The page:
A yellow-legged hornet (Vespa velutina), which poses a threat to honeybees and other pollinators, was recently detected near Savannah, Georgia. This is the first time a live specimen of this species has been detected in the United States. Its presence was confirmed by the Georgia Department of Agriculture (GDA), in coordination with the U.S. Department of Agriculture Animal and Plant Health Inspection Service (USDA APHIS) and the University of Georgia (UGA).
GDA is working with USDA APHIS and UGA to trap, track and eradicate the yellow-legged hornet. It is asking Georgians to report sightings of the hornet using this online reporting form. Those making a sighting outside of Georgia should report it to a local Extension agency or department of agriculture, not on this form.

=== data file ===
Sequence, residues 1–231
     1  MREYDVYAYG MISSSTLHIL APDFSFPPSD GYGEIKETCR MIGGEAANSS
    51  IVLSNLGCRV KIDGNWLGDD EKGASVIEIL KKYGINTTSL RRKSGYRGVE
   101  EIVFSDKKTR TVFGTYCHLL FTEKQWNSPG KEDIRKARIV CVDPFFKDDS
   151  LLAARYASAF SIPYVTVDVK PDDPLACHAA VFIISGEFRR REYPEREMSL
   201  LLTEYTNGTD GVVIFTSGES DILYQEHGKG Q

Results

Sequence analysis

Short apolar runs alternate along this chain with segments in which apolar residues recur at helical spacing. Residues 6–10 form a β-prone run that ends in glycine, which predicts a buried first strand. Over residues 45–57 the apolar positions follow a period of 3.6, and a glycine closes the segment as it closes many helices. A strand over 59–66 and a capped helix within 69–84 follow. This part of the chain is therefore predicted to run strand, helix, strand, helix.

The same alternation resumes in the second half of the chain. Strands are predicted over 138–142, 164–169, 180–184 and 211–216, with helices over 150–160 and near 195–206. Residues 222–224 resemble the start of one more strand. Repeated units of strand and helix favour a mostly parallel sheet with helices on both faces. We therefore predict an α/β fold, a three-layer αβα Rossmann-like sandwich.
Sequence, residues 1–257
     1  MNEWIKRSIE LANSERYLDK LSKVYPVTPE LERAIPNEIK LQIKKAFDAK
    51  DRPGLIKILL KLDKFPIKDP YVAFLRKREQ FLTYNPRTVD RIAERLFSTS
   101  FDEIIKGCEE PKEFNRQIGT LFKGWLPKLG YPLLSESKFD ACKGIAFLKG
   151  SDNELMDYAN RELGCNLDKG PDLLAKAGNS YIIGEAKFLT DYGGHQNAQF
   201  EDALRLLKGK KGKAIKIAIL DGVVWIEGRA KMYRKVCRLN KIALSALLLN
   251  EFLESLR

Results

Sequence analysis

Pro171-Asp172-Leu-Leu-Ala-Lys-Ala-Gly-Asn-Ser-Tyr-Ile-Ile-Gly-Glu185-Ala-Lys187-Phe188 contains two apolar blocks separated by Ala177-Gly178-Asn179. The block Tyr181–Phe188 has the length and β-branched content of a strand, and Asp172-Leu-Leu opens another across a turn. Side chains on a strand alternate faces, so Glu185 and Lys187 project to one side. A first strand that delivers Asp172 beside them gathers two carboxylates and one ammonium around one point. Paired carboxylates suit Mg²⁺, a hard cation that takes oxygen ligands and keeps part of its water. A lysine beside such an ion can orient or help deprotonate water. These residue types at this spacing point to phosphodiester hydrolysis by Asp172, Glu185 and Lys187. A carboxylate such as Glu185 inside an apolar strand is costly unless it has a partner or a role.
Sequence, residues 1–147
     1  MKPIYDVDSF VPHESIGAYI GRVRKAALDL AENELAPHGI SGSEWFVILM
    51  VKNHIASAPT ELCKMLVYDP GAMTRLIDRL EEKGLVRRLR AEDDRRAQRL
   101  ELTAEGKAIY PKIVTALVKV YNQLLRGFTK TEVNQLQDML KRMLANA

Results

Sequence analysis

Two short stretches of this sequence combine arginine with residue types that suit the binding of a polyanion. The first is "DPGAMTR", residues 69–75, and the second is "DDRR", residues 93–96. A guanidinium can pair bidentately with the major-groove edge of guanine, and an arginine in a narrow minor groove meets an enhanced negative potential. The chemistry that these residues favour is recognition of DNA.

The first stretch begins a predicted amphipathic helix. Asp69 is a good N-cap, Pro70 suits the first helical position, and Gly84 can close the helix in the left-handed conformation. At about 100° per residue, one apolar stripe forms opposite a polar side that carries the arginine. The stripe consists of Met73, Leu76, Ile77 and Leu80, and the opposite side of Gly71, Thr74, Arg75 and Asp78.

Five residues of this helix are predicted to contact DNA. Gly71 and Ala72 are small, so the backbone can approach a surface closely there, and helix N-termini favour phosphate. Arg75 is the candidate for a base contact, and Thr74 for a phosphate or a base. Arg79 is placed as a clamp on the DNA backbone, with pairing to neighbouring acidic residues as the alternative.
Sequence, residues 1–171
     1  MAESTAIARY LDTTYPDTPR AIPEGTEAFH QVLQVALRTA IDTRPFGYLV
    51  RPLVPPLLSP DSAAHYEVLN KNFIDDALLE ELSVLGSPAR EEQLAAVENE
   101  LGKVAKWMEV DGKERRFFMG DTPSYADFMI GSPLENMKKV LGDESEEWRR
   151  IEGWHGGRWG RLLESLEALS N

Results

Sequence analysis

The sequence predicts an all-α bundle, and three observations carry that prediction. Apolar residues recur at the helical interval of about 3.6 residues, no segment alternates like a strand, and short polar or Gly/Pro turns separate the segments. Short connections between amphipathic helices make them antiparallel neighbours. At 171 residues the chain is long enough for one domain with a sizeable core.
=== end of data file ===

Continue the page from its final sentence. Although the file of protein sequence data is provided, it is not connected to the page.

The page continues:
“We urge the public to be cautious in the event they come across a suspected yellow-legged hornet,” GDA stated. “If you can safely take a photo of the suspected yellow-legged hornet, we encourage you to do so to assist us with identification.”
There are many domestic lookalikes that are native to the United States and do not pose a threat to honeybees. Many of them are valuable pollinators.
The yellow-legged hornet isnative to tropical and subtropical areas of Southeast Asia. It is generally smaller than the northern giant hornet (NGH). Workers can be around half the size of an NGH, and queens can be around three-fourths the size. The legs are partially or primarily yellow. The body and head coloration can vary. This hornet is a social wasp species that constructs egg-shaped paper nests above the ground, often in trees. Nests can become large, housing an average of 6,000 workers.
The yellow-legged hornet feeds on a variety of insects. If allowed to establish in the United States, this invasive species could threaten honey production and the native pollinators that play a vital role in agriculture.
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